School chaplaincy program returns to the High Court. This is good and unsurprising

This week we learnt that Ron Williams, the parent from Queensland who objected to federal government funding for school chaplaincy programs at his kids' school and other public schools, is returning to the High Court. He is challenging the Financial Framework Legislative Amendment that the federal government brazenly rushed through (in just a hours with support of all political parties) in response to the High Court's judgment on this matter last year. In a victory for federalism, the High Court had vehemently rebuked the federal government for exceeding its executive powers under the Constitution and for its unwarranted intrusion into state domains. This verdict put into question not only the chaplaincy program, but hundreds of other federal spending programs as well and was a major driver of the recently dumped "local government" referendum to extend Commonwealth spending powers.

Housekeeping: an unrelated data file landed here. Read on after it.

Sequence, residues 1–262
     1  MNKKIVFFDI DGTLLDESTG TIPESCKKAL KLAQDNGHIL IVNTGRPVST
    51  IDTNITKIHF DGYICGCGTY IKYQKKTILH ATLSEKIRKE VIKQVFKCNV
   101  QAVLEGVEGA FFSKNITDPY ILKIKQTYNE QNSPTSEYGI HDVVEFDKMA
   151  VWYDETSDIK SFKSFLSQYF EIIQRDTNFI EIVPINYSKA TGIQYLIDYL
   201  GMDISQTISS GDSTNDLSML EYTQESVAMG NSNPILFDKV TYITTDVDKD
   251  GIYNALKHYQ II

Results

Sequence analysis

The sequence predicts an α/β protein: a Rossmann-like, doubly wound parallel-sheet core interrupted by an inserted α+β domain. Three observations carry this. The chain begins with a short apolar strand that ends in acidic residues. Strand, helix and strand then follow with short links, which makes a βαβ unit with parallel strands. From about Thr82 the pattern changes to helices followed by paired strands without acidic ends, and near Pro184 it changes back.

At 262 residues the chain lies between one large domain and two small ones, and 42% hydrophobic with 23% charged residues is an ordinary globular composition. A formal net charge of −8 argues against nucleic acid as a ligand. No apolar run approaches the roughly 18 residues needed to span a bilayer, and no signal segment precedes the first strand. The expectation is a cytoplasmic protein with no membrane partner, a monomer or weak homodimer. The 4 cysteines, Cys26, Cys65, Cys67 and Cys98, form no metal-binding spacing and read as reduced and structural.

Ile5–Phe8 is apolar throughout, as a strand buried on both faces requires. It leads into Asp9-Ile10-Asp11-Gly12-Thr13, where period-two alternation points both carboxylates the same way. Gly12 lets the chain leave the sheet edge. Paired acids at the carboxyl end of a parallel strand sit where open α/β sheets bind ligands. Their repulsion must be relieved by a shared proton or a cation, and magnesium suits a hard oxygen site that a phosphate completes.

As I argued last year in a paper (pp. 4-5) to the Australian Political Studies Association Conference, it was only a matter of time before this legislation was taken to the High Court, and if the Pape verdict and previous Williams verdict are anything to go by, it will most likely be struck down as unconstitutional. If this occurs, the federal government will be chastised and forced to reformulate the Chaplaincy program, among others, as tied grants with the states.